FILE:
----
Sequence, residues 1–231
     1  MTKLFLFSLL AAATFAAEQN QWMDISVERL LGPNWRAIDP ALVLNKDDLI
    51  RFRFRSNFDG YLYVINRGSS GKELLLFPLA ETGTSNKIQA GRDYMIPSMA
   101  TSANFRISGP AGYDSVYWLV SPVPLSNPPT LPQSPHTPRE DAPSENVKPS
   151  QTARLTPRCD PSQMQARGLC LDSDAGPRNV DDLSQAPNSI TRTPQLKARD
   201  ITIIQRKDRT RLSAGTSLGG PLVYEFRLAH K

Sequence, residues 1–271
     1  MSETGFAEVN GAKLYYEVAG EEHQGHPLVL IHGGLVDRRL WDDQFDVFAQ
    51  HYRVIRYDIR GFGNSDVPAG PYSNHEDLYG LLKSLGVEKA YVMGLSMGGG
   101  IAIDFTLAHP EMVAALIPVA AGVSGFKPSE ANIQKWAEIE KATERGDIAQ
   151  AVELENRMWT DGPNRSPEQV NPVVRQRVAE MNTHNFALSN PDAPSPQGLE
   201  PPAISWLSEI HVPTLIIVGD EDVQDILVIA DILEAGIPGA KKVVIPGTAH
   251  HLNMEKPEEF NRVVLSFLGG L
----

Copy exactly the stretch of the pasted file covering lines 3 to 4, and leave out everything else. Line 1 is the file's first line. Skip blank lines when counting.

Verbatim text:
    51  RFRFRSNFDG YLYVINRGSS GKELLLFPLA ETGTSNKIQA GRDYMIPSMA
   101  TSANFRISGP AGYDSVYWLV SPVPLSNPPT LPQSPHTPRE DAPSENVKPS